If you are in a hurry and just want to find out what the best straight razor for beginners is, then we recommend the Feather SS Folding Handle Razor.
Are you bored with shaving with cartridge or safety razors and are looking for a challenge? Then you might want to try a straight razor, like the kind you see men use in movies set over 100 years ago.
But before you rush out and buy the first one you see, you might want to read this guide featuring my top picks for the best straight razor for beginners.
In this article, we’re going to review the following straight razors:
- Equinox Professional Straight Edge Razor
- Dovo Straight Razor Carbon
- Feather SS Folding Handle Razor
- Parker SRX Stainless Steel Straight Edge Barber Razor
- Feather Artist SS Straight Razor
The 5 Best Straight Razors for Beginners
Now that you know the basics of choosing an open razor, here comes the fun part! Here are my five top picks for the best straight razors for beginners.
1. Equinox Professional Straight Edge Razor
I’m starting off with a shavette-style of straight razor because they are a great way to test out this style of razor without investing in a fixed-blade razor.
Out of the box, you get 100 single-edge Derby blades, giving you almost a year’s worth of shaves (your mileage may vary). Derby is a famous manufacturer of high-quality blades, so this is a big bonus in my book.
The handle is lightweight stainless steel, making it resistant to rust and corrosion as long as you clean it and dry it after each use. Some users report that it will start rusting without proper maintenance.
You’ll notice the ergonomic design and evenly distributed weight when you start your shave. It’s easy to figure out how to hold the razor, even for beginners. Switching out the blade is almost effortless due to the pop-up style blade guard.
When opening the blade guard, two arms pull apart to allow you to drop the blade into place. As far as price, the Equinox is less expensive than some cartridge razors and all types of safety razors. Considering you get about 200 shaves out of one purchase, it’s a steal.
2. DOVO Straight Razor Carbon
For those of you with a bigger budget or are ready to switch to a fixed-style straight razor, you should definitely consider the Dovo Straight Razor Carbon.
The three-inch carbon steel blade has a full hollow grind and a round tip, making it a good option for beginners who need to learn the correct straight-razor technique. The hollow grind is also easier to clean and maintain.
As far as blade quality, it is phenomenal, providing a close shave with only one to two passes, at most. For those who appreciate luxury, you’ll also appreciate the etched words, “Prima Silver Steel” on the blade.
The blade itself is not overly aggressive, making it an excellent choice for men with sensitive skin.The entire razor is lightweight, making it easy to maneuver over the face without any nicks or cuts when using the correct technique.
However, it’s not so light that it adversely affects the closeness of the shave. You will need to purchase a strop and whetstone to maintain the blade, so keep that in mind if you aren’t a big fan of high-maintenance grooming tools.
3. Feather Plier Hair Razor With Folding Handle
Another shavette-style straight razor I recommend is the Feather Plier Folding Handle Razor. It’s more affordable than the Dovo, but it performs just as well. Feather is a Japanese company that’s known for manufacturing some of the best razor blades on the market.
They developed a razor with a stainless steel body that is highly resistant to damage from heat and chemicals. It is also highly rust-resistant, but you should still clean and dry the blade to prolong its life.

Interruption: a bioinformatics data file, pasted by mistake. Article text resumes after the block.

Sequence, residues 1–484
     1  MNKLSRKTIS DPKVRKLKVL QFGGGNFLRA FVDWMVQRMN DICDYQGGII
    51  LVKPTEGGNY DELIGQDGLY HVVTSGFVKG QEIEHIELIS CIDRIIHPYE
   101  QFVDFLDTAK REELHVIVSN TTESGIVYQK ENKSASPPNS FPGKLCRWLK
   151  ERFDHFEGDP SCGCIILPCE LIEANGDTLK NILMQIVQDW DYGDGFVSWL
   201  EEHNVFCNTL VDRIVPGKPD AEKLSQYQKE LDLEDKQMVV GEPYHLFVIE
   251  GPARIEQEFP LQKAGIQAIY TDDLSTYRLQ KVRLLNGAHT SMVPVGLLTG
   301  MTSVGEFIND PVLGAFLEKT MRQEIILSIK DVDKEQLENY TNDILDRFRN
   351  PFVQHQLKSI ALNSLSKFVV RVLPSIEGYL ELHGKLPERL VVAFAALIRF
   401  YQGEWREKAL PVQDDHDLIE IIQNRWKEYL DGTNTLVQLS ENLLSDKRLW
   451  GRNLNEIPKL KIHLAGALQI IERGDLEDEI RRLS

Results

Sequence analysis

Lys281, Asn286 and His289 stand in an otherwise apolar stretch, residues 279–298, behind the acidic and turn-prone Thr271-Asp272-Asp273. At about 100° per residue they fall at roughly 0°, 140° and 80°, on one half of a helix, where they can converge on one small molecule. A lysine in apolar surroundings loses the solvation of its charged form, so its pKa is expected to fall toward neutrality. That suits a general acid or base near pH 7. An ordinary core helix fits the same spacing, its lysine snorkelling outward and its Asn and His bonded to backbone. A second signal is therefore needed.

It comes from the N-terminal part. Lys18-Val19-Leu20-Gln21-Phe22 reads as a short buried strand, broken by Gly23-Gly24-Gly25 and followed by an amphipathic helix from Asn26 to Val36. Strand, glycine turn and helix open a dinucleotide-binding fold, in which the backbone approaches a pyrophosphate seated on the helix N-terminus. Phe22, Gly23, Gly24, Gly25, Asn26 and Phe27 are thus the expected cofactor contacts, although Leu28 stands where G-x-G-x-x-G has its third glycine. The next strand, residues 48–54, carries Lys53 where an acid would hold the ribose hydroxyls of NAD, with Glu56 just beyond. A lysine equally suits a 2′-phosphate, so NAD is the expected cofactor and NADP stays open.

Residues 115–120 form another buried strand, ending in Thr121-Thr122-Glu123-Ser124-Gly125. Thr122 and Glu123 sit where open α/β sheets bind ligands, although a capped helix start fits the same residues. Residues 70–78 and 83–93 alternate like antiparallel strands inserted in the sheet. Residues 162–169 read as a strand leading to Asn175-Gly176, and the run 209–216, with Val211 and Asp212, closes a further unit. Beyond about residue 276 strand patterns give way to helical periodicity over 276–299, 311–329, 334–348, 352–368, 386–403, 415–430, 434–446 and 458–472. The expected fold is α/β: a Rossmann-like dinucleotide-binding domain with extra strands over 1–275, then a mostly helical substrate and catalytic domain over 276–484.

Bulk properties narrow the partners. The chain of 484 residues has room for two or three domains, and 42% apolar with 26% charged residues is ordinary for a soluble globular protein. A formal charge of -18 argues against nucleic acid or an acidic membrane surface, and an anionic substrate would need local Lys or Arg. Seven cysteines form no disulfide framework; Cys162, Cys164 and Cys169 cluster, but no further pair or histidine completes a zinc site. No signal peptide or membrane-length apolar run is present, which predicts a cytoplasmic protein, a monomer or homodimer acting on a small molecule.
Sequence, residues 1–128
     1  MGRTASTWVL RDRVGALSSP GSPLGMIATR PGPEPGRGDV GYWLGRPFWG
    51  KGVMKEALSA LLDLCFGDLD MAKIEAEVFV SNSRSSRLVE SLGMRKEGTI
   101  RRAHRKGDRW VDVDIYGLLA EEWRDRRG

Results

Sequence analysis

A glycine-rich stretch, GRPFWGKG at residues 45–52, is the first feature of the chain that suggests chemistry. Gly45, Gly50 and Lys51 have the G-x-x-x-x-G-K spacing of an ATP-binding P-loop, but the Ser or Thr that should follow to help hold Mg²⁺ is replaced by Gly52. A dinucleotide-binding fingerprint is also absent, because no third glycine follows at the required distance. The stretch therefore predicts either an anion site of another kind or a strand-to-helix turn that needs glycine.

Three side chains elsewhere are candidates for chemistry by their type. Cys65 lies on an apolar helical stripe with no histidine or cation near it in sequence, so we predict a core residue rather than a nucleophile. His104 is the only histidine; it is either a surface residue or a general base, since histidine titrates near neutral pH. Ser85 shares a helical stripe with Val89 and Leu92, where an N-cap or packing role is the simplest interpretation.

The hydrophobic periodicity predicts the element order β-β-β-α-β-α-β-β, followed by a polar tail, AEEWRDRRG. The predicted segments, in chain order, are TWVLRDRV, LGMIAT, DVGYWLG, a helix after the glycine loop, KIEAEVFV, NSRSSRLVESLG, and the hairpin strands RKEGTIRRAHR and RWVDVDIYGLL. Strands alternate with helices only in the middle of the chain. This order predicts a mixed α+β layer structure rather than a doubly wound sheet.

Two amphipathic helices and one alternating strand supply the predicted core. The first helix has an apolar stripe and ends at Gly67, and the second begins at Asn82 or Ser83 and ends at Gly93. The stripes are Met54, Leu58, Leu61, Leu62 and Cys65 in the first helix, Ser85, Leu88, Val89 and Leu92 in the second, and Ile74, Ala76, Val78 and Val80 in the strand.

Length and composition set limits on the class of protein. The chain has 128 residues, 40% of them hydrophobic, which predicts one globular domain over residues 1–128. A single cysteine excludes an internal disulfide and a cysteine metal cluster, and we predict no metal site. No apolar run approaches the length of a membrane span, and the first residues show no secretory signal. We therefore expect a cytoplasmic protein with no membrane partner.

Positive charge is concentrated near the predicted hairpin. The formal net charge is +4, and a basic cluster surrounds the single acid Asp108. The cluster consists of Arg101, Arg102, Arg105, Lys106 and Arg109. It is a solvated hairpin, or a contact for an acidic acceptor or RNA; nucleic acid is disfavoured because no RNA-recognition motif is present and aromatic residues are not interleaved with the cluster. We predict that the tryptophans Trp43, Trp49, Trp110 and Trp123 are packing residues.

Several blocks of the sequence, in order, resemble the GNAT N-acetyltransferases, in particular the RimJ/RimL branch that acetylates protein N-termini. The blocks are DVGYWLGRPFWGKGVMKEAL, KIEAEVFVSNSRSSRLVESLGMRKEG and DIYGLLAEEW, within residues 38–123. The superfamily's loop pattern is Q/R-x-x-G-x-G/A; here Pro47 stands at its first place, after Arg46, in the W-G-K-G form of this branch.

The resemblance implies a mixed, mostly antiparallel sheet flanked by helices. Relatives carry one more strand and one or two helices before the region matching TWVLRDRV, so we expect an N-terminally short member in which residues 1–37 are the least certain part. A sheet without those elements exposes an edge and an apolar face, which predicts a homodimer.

The rounded shaving head is perfect for beginners, and the blade provides a smooth shaving experience. You’ll also appreciate the enamel handle that is crafted using a resin that resists heat up to 135c.
The handle provides an excellent level of grip and control and also makes applying the correct amount of pressure a breeze. Accidentally nicking or cutting yourself is minimized thanks to the superior build of the handle and quality of the blade.
Removing the blade is simple thanks to the spring-mounted blade head. Disinfecting it by boiling it or applying alcohol won’t damage it at all. So if you’re someone who prefers sterilizing his razor, go for it.
Just don’t use sodium hypochlorite because that will damage the razor, according to the manufacturer. And when the blade gets dull, you can pop it out and replace it with a new one — no need to get out the whetstone and strop or send it off for a professional sharpening.
4. Parker SRX Stainless Steel Straight Edge Barber Razor
While some might say the Parker SRX shavette-style straight-edge is not a the best choice for beginners, I beg to differ. I think they are intimidated by the fact it has the word “barber” in the name, but they shouldn’t be.
The blade is made from premium-grade stainless steel. It is heavier than some of the other razors on this list, but it doesn’t impede the performance. The weight helps beginners shave close to the skin without needing a lot of pressure, lessening the chance for accidental cuts.
I should note the handle is not made from stainless steel, even though it’s made to look like it is. It is plastic, so if that is a deal-breaker for you, you have been warned. You’ll also appreciate the rounded head, which again minimizes accidental cuts and nicks blades with square or pointed ends.
When a blade gets dull, replacing it with one of the five sample replacement blades is simple to do. Once the blade is in place, the Clip/Lock system keeps the blade locked down while in use. As far as price, it is affordable. It’s not as expensive as the Dovo, but it’s more costly than the Equinox.
5. Feather Artist Club SS Wood Folding Straight Razor
Last but not least is another replaceable-style straight razor, the Feather Wood SS Japanese Straight Razor. Right off the bat, you’ll notice that it doesn’t fold like the other straight razors on this list.